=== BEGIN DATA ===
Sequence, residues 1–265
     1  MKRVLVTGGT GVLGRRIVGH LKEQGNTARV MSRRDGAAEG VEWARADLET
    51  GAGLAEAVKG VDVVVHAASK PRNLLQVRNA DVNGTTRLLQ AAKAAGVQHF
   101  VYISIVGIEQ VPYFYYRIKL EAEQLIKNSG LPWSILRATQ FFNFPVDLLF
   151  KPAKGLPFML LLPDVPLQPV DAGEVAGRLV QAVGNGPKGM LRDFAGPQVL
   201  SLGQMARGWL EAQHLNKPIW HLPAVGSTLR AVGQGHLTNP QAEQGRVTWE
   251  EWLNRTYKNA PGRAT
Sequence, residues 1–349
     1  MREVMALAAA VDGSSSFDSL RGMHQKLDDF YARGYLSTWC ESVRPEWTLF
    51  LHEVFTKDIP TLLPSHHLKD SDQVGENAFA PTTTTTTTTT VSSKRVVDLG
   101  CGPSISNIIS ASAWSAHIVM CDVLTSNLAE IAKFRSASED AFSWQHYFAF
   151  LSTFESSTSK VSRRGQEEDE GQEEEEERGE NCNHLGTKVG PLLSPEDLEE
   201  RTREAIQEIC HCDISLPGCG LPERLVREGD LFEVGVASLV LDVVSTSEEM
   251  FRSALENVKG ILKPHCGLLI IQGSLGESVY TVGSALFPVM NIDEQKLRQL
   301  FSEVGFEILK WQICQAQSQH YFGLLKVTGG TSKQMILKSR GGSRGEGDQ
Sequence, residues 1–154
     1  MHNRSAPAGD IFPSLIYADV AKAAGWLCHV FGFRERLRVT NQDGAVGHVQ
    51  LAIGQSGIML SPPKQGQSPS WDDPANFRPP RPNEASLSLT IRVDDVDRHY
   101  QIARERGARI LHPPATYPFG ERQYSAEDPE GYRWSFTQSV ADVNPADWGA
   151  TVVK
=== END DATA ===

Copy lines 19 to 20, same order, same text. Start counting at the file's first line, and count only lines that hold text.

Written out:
   101  QIARERGARI LHPPATYPFG ERQYSAEDPE GYRWSFTQSV ADVNPADWGA
   151  TVVK